In this method to capture attribute change 'e add a ne' record as in type : The
current>type information is over'ritten 'ith the ne' one as in type 1 2e store the history in
a historical>column as in type ;
Customer_ID Customer_Name Current_Type &istorical_Type Start_Date n!_Date Current_"la#
1 6ust>1 6orporate -etail 01-01-:010 :1-0@-:010 A
: 6ust>1 6orporate !ther ::-0@-:010 1@-03-:01: A
; 6ust>1 6orporate 6orporate 1B-03-:01: ;1-1:-9999 ?
Snow Flake Schema Advantages & Limitations
Advantage of Snowflake Schema
The main advantage of Snowflake Schema is the improvement of query performance due to
minimized disk storage requirements and joining smaller lookup tables.
It is easier to maintain.
Increase flexibility.
Disadvantage of Snowflake Schema
The main disadvantage of the Snowflake Schema is the additional maintenance efforts
needed to the increase number of lookup tables.
akes the queries much more difficult to create because more tables need to be joined
The Star schema vs Snowflake schema comparison brings forth four fundamental differences to
the fore!
1. Data optimization:
Snowflake model uses normalized data" i.e. the data is organized inside the database in order to
eliminate redundancy and thus helps to reduce the amount of data. The hierarchy of the business
and its dimensions are preserved in the data model through referential integrity.
#igure $ % Snow flake model
Star model on the other hand uses de&normalized data. In the star model" dimensions directly
refer to fact table and business hierarchy is not implemented via referential integrity between
#igure ' % Star model
2. Business model:
(rimary key is a single unique key )data attribute* that is selected for a particular data. In the
previous +advertiser, example" the -dvertiser.I/ will be the primary key )business key* of a
dimension table. The foreign key )referential attribute* is just a field in one table that matches a
primary key of another dimension table. In our example" the -dvertiser.I/ could be a foreign
key in -ccount.dimension.
In the snowflake model" the business hierarchy of data model is represented in a primary key %
#oreign key relationship between the various dimension tables.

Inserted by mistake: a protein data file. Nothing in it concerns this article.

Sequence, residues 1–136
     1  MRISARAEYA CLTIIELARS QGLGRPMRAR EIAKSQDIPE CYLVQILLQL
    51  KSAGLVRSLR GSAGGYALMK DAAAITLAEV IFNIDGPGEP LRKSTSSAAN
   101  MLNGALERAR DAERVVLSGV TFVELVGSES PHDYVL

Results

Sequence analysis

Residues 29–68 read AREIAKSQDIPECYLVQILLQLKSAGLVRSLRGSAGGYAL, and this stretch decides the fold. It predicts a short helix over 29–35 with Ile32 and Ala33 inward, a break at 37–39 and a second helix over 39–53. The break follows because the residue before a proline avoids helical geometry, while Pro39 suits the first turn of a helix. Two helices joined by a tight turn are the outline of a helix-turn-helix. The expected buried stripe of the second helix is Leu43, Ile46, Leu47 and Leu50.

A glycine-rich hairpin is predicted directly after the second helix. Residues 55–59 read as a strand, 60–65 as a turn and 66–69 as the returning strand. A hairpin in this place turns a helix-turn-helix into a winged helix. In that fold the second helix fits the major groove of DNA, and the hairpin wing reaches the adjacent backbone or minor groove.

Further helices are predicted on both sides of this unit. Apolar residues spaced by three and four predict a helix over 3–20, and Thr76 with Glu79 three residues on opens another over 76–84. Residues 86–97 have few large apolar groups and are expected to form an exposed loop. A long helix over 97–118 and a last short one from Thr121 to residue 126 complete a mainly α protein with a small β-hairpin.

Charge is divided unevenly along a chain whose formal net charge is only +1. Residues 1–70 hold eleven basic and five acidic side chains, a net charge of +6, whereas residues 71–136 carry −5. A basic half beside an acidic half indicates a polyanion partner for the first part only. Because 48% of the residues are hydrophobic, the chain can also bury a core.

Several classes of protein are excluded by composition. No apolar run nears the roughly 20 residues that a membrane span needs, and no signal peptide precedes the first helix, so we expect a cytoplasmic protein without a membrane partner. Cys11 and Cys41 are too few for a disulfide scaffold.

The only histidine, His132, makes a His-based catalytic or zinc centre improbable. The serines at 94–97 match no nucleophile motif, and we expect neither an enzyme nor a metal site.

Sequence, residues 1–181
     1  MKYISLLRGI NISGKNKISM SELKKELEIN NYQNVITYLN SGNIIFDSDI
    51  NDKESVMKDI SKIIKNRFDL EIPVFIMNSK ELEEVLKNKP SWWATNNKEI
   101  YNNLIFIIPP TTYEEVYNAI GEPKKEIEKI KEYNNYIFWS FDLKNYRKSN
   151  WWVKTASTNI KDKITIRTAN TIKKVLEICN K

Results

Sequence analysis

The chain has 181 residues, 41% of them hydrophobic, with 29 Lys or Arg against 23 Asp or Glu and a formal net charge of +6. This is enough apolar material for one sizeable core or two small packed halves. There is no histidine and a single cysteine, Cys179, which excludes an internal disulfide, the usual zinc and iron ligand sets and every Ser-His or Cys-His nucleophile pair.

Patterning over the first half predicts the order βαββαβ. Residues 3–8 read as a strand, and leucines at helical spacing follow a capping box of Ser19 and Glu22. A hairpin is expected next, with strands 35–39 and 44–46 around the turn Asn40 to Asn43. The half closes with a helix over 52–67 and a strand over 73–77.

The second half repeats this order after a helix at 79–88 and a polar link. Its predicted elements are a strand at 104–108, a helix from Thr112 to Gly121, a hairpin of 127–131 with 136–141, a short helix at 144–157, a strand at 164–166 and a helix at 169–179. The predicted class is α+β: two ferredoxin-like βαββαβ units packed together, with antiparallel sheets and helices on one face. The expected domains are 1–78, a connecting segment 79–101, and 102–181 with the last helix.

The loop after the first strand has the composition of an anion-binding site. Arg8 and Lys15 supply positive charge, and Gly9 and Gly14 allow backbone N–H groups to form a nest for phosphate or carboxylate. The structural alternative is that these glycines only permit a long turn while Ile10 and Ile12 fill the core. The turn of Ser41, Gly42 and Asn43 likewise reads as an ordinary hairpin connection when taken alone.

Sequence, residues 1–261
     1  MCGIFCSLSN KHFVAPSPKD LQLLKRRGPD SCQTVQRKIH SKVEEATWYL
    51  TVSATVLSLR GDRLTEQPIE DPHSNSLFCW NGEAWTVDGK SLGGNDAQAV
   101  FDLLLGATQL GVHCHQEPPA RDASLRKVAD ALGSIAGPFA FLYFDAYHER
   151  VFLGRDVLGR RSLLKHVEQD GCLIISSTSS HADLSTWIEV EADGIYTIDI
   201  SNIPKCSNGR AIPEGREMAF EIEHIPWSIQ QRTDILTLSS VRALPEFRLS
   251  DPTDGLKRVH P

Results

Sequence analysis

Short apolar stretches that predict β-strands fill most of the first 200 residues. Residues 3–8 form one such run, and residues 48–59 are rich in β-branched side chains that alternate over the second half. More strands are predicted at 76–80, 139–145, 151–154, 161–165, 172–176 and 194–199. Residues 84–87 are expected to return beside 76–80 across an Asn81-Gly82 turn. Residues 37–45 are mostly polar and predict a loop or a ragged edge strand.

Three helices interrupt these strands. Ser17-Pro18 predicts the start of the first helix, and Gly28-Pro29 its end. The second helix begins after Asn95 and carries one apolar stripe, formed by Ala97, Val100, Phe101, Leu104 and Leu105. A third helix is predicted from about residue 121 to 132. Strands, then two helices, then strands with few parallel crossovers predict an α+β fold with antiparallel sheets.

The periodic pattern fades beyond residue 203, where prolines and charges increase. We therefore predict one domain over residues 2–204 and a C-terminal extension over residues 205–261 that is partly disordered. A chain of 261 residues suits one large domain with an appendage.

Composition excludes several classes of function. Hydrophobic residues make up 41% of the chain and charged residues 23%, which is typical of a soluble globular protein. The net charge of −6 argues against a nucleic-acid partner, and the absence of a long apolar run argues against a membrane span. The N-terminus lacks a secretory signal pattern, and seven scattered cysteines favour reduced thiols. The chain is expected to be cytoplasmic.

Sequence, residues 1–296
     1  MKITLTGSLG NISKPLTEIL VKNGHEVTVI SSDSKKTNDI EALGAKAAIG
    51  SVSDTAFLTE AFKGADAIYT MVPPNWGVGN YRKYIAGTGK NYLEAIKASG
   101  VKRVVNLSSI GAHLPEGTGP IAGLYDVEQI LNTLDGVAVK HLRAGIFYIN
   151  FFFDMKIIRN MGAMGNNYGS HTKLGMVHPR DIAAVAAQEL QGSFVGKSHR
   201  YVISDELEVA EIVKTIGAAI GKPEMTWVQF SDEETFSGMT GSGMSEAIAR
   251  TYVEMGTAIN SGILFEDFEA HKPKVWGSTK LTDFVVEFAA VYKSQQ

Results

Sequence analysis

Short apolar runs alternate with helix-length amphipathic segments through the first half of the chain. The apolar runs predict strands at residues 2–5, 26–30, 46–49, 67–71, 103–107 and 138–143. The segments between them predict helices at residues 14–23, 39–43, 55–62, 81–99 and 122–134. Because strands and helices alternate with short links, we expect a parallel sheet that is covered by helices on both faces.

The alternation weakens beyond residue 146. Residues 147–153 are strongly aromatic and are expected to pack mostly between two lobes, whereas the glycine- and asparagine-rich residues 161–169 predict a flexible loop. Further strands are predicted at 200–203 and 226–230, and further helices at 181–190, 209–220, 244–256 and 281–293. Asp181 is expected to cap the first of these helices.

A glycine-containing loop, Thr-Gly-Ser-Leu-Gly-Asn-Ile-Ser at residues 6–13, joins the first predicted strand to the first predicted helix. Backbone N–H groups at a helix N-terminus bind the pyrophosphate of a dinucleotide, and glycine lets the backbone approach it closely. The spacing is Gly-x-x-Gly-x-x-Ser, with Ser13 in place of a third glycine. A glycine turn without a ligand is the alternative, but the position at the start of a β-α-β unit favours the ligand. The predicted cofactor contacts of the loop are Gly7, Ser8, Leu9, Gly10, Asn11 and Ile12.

In the star model all required dimension&tables have only foreign keys in the fact tables.
3. Pefomance:
The third differentiator in this Star schema vs Snowflake schema face off is the performance of
these models. The Snowflake model has higher number of joins between dimension table and
then again the fact table and hence the performance is slower. #or instance" if you want to know
the -dvertiser details" this model will ask for a lot of information such as the -dvertiser 0ame"
I/ and address for which advertiser and account table needs to be joined with each other and
then joined with fact table.
The Star model on the other hand has lesser joins between dimension tables and the facts table.
In this model if you need information on the advertiser you will just have to join -dvertiser
dimension table with fact table.
Star schema explained
Star schema provides fast response to queries and forms the ideal source for cube structures.
1earn all about star schema in this article.
!. "#$
Snowflake model loads the data marts and hence the 2T1 job is more complex in design and
cannot be parallelized as dependency model restricts it.
The Star model loads dimension table without dependency between dimensions and hence the
2T1 job is simpler and can achieve higher parallelism.
This brings us to the end of the Star schema vs Snowflake schema debate. 3ut where exactly do
these approaches make sense4
%hee do the two methods fit in&
5ith the snowflake model" dimension analysis is easier. #or example" +how many accounts or
campaigns are online for a given -dvertiser4,
The star schema model is useful for etrics analysis" such as % +5hat is the revenue for a given